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Oprah Winfrey Exits Weight Watchers Board After Disclosing Weight-Loss Medication Use; Love Is Blind's Jess Vestal Hints She's Dating Another Season 6 Contestant; Jesse Baird and Luke Davies Case: Australian Police Officer Charged With 2 Counts of Murder; and more from E! News... February 29, 2024   View Online   NEWS VIDEOS PHOTOS SHOP NEWS VIDEOS PHOTOS SHOP   Vanderpump Rules Alums Jax Taylor & Brittany Cartwright Announce Separation VIEW   Oprah Winfrey Exits Weight Watchers Board After Disclosing Weight-Loss Medication Use VIEW   Love Is Blind 's Jess Vestal Hints She's Dating Another Season 6 Contestant VIEW   Jesse Baird and Luke Davies Case: Australian Police Officer Charged With 2 Counts of Murder VIEW   Kate Middleton's Rep Speaks Out Amid Her Abdominal Surgery Recovery VIEW SEE MORE

How Sacramento embraced surprise migrants

Sacramento church leaders respond to the needs of migrants who were flown to California, a move officials say Florida Gov. Ron DeSantis is behind.
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Los Angeles Times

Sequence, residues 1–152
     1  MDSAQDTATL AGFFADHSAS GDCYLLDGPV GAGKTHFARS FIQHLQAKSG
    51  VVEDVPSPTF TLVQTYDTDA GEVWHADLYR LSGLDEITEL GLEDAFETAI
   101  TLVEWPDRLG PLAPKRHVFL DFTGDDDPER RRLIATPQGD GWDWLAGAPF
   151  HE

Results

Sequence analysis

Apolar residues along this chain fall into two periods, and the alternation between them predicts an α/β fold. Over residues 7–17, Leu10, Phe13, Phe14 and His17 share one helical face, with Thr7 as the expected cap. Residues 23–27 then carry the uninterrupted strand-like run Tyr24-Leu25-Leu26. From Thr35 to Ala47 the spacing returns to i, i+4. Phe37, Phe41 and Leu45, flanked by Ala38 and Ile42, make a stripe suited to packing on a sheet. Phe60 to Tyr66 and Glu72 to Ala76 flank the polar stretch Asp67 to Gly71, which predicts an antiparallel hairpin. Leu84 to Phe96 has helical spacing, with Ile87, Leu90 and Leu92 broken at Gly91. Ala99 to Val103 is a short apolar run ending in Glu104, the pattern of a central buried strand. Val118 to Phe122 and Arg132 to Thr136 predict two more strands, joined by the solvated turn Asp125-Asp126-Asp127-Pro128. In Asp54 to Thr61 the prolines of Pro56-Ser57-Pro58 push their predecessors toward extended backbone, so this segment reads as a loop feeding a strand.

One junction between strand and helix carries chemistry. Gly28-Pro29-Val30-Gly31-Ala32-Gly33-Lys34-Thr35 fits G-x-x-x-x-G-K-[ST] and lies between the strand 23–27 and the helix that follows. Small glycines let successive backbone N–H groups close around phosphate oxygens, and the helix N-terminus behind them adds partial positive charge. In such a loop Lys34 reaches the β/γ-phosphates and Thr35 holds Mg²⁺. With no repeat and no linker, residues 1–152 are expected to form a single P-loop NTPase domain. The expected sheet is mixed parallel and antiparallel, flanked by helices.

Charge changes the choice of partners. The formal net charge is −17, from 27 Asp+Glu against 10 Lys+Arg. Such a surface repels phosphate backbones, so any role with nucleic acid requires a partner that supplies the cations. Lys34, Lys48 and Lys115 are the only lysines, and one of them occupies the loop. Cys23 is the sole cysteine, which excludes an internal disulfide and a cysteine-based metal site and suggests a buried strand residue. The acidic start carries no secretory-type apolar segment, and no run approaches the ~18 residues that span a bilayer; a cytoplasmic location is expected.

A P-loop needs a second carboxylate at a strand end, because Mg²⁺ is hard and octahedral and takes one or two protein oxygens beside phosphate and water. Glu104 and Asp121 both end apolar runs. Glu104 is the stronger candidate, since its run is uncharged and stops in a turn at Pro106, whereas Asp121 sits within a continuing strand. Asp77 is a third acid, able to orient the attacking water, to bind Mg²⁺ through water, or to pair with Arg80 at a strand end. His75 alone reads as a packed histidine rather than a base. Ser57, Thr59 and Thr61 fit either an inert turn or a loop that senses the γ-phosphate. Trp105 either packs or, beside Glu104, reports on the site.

Today's Headlines
Click to view images Sacramento Mayor Darrell Steinberg joins local church and nonprofit leaders at Trinity Episcopal Cathedral to speak about the needs of South American migrants who were mysteriously flown to the city this week. (Mackenzie Mays)

By Elvia Limรณn, Kevinisha Walker

Hello, it's Wednesday, June 7, and here are the stories you shouldn't miss today:

TOP STORIES

Sacramento embraces surprise arrival of migrants

On the same day that Florida Gov. Ron DeSantis' administration took responsibility for sending dozens of migrants seeking asylum to California, the people inside Trinity Episcopal Cathedral of Sacramento refused to say his name.

Instead, they wanted to talk about the 36 men and women they've cared for this week, who they say were left exhausted, confused and afraid at the doorstep of a local church in the name of a political stunt.

The people working on the ground with them in Sacramento said the migrants had no idea where they were headed.

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    Sign up for our California Politics newsletter to get the best of The Times' state politics reporting and the latest action in Sacramento.

    Carvalho is expected to defend the dismantling of Primary Promise

    The controversial reshaping of a lauded academic program for young students was front and center at Tuesday's meeting of the Los Angeles Board of Education.

    The program, called Primary Promise, was achieving extraordinary results in the estimation of district officials who presented a public progress report about 14 months ago. Since then — with the arrival of Supt. Alberto Carvalho — the official district position that has emerged is that Primary Promise was less effective than advertised, not especially groundbreaking and too expensive to sustain.